The tea plant, Camellia sinensis, was first discovered for brewing tea beverage in China around 4,700 years ago. There were different sayings of how exactly tea was discovered, but one of them seems more convincing after the book ‘Shen Nong Herbs’ was unearthed. It was mentioned in that book that Shen Nong, an ancient emperor in charge of agriculture, got very sick one day from tasting wild plants, however, drinking a brewed beverage with leaves from a nearby plant saved his life. That plant was C. sinensis.
The long history of tea as a beverage interweaves with the history of China and the rest of the world. Tea started as a tribute from its original production area to the Emperors and gained popularity in higher classes during Tang and Song Dynasties – the golden age of cosmopolitan culture in ancient China. By Qing Dynasty, tea has transformed from a medicinal drink to a daily beverage and was enjoyed by all classes. Type of tea products and the required brewing methods had also being developed by people from different production areas. The most consumed type of tea in China today is the green tea, which was processed right away without bruising and oxidizing the leaves, to keep its greenish yellow fresh color and taste. Red tea in China (aka black tea on European and US markets) was developed as an oxidized tea that the final product has a red color with mild taste that keeps the warms the tea received during the bruising and long baking process. Black tea in China (aka brick tea or Pu’er) was believed to be developed for long-distance transportation over the Tea Horse Road. It is firmly packed and better to be consumed after years of enzyme activity. We have seen some very expensive brick teas that are 30 years old during our trip in China last October. There are also yellow and white teas that are basically made with more specific varieties of tea plants with low yield compared to other major types of tea.
With other countries, there were peaceful trades such as the Tea Horse Road, which traded tea (as brick tea for prolonged storage during the trip) for seeds, meat, and other goods from Tibet and other Asian countries. There were wars such as the Opium wars between China and the British when the later forced to trade opium for silk and tea instead of paying silver. And there was the Boston Tea Party, where tea was involved in the initial US resistance to the British. Today, tea is the most popular beverage worldwide only after water and C. sinensis has become an important agricultural crop for many Asian and African countries with the top exporting countries being Kenya, Sri Lanka, China, and India by trading value in 2015. The US was the third largest importer of tea in the world only after Russia and Pakistan, with 285 million pounds of tea imported and over 80 billion servings of tea sold in 2015 according to ITC (International Tea Committee).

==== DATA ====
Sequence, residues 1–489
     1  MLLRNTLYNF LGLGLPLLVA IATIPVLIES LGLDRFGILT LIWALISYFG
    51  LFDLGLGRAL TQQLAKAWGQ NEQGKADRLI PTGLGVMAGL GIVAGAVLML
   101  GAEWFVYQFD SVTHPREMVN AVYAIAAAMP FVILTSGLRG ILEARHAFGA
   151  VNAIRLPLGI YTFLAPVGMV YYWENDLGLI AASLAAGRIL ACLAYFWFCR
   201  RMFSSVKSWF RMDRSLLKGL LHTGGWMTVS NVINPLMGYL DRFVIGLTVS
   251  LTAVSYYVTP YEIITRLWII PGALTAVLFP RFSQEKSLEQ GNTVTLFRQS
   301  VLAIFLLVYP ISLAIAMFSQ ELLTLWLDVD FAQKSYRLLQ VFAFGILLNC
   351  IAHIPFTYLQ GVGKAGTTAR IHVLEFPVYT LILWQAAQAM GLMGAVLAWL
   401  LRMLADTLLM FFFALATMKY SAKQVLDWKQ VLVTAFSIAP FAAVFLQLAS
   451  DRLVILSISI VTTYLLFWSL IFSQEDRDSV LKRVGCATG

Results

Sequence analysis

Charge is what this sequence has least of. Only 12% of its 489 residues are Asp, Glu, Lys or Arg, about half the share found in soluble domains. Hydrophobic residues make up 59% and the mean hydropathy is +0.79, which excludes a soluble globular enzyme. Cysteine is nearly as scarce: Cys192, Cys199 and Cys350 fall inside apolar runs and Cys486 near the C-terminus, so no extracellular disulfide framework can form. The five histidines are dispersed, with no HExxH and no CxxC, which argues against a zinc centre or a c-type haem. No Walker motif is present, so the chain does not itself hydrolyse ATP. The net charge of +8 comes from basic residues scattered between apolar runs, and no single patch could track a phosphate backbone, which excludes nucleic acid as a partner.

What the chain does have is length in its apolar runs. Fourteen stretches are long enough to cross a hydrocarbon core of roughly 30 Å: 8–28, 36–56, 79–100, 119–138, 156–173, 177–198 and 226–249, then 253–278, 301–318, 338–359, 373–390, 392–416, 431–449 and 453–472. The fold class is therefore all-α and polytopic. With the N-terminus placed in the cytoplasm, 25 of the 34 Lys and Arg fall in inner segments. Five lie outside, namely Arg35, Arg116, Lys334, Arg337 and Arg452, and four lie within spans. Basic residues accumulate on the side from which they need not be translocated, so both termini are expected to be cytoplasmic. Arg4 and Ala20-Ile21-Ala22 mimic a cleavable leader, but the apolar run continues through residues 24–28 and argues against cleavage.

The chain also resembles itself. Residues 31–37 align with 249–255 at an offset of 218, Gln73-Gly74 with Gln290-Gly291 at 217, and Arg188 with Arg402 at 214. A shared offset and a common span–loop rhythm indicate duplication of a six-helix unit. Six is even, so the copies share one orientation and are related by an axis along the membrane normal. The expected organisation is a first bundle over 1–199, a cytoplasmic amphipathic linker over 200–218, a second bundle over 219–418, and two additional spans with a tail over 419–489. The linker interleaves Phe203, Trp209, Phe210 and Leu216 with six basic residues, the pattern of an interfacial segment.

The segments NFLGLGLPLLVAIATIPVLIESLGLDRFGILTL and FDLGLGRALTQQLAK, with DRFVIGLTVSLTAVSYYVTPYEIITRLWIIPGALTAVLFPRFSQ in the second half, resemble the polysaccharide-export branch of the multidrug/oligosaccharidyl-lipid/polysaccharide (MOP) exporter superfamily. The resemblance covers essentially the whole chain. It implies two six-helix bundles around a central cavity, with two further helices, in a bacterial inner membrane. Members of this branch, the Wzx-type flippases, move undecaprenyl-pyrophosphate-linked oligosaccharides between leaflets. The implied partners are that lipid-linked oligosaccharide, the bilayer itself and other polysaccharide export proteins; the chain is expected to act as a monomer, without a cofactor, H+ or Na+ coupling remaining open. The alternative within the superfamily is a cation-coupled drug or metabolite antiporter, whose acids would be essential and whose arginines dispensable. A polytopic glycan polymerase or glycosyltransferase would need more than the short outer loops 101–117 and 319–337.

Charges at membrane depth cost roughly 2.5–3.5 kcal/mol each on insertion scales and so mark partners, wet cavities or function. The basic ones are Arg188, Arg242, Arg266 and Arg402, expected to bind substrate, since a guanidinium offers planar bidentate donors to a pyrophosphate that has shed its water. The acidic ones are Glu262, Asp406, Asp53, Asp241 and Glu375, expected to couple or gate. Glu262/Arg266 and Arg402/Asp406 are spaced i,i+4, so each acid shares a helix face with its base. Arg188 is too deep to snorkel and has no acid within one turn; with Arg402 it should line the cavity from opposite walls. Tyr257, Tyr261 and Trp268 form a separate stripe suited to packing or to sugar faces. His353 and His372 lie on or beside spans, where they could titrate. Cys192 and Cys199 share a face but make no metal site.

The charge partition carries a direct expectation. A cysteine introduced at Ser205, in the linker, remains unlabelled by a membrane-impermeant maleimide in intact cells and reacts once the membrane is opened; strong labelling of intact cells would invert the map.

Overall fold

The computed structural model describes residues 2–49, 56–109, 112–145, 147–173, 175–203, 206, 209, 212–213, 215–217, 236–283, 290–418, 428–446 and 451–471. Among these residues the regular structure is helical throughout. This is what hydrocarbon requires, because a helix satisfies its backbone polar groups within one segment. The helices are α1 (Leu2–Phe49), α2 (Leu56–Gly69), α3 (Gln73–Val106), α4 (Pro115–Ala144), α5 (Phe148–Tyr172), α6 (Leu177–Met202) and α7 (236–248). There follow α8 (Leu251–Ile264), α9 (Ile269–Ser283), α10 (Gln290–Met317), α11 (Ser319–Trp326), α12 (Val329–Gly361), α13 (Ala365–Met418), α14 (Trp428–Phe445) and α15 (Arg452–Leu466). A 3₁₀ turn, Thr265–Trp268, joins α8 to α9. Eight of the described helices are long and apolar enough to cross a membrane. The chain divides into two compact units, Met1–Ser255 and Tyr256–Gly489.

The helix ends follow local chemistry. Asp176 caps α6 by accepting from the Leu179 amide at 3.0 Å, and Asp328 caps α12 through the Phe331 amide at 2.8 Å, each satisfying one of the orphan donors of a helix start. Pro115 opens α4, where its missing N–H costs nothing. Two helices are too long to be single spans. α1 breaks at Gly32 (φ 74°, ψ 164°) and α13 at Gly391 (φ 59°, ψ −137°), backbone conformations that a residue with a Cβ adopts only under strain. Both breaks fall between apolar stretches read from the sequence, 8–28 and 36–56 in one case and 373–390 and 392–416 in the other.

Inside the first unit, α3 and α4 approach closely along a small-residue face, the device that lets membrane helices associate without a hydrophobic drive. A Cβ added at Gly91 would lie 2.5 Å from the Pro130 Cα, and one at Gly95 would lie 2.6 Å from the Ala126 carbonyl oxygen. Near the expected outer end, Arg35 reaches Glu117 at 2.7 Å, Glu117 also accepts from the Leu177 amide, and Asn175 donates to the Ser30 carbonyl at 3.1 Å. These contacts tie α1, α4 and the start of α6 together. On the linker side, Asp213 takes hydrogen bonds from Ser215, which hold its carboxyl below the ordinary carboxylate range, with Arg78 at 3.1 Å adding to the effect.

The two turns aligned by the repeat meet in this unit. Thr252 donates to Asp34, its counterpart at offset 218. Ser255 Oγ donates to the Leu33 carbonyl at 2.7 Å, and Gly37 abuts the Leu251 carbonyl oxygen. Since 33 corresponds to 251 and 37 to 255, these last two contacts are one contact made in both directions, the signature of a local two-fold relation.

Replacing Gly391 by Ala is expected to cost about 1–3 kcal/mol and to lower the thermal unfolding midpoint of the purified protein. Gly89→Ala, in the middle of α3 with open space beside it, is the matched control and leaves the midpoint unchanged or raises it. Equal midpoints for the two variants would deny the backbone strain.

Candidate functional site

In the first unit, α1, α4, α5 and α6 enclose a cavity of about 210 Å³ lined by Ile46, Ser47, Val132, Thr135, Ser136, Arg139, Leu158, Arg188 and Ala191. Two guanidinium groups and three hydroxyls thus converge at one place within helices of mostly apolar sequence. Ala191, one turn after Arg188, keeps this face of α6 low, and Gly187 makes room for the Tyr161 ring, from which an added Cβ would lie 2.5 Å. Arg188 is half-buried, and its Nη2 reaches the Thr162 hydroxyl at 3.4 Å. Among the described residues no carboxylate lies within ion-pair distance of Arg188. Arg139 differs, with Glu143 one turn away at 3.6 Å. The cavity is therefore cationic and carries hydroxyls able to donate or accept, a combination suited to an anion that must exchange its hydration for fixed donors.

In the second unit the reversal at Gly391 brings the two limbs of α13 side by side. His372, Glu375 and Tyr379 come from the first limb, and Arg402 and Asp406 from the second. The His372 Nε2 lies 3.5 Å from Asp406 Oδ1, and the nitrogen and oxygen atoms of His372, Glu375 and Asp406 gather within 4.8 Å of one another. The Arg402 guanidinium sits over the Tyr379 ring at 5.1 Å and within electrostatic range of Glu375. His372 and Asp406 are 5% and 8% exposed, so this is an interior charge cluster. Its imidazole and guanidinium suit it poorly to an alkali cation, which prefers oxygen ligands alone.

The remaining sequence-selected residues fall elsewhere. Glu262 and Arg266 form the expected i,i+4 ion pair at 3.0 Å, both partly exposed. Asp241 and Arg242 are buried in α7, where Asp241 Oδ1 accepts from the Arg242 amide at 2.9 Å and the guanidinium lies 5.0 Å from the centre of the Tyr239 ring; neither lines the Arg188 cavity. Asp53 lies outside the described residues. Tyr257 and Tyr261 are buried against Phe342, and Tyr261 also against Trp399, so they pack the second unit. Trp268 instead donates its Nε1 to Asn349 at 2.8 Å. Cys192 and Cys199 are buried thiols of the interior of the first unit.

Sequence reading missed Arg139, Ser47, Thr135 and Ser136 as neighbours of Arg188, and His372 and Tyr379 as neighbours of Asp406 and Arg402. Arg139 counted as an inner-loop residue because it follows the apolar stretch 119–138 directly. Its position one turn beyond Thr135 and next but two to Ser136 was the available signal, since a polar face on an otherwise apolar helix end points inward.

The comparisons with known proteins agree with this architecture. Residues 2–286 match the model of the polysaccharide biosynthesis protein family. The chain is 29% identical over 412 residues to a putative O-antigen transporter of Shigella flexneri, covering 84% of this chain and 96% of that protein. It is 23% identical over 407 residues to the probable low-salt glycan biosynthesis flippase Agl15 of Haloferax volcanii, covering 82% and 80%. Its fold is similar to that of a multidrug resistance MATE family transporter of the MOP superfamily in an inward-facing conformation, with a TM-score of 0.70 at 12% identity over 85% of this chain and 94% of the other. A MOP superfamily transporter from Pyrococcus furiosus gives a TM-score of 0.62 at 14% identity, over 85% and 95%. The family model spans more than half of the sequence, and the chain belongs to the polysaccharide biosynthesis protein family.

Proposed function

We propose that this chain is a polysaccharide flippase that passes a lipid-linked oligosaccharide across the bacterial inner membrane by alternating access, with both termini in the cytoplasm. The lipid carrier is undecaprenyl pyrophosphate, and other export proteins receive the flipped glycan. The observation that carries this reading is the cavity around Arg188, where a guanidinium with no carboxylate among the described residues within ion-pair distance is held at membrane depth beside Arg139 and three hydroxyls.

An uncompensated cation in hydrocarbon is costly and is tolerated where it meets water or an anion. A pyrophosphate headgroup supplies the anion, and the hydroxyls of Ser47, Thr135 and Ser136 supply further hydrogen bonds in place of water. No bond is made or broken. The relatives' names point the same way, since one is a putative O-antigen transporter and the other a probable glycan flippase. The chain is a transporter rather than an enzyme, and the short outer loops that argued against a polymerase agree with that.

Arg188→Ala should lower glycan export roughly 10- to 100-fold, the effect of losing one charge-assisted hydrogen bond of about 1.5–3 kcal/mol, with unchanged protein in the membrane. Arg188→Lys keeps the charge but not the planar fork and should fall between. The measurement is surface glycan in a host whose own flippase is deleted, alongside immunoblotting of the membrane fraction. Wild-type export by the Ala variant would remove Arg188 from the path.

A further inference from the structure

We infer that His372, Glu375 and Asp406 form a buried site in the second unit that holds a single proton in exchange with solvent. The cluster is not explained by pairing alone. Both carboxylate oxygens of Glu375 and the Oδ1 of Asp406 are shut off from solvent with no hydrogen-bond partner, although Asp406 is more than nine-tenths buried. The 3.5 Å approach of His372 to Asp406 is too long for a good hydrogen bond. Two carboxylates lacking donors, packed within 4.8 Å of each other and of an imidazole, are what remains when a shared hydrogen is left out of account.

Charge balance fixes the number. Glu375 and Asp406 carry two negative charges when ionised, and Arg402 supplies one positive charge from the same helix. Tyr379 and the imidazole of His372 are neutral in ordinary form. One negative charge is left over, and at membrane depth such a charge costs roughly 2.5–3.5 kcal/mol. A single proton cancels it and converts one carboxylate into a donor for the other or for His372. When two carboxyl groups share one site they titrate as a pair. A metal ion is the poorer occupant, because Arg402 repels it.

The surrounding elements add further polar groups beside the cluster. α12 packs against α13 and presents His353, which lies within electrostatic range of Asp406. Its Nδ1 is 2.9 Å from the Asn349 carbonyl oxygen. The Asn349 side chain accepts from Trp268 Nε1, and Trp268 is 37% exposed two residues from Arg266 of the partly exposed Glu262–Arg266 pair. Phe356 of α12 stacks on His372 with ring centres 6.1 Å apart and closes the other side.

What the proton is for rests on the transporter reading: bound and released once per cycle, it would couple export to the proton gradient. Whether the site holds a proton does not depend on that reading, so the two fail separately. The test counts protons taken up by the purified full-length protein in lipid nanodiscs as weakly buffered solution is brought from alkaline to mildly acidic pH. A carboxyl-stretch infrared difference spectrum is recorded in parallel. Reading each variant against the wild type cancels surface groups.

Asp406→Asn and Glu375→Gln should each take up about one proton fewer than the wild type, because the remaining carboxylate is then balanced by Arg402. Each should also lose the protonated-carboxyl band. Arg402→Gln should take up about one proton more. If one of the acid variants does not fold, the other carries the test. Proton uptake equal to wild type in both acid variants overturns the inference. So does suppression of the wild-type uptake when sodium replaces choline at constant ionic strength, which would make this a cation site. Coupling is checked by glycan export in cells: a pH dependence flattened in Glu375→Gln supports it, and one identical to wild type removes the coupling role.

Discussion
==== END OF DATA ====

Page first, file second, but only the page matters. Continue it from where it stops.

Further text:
US tea consumption increased from $1.8 billion in 1998 to $11.5 billion in 2015, an almost six-fold increase, and this trend is projected to be continuing over the next ten years (www.teausa.org). Additionally, consumers are increasingly interested in where tea is sourced and whether or not it was produced in an environmentally and socially sustainable manner. With the local food movement in the recent 5 or 6 years, there is a strong demand for domestically grown tea. This market demand provides an opportunity to US growers and investors to consider tea as a new crop.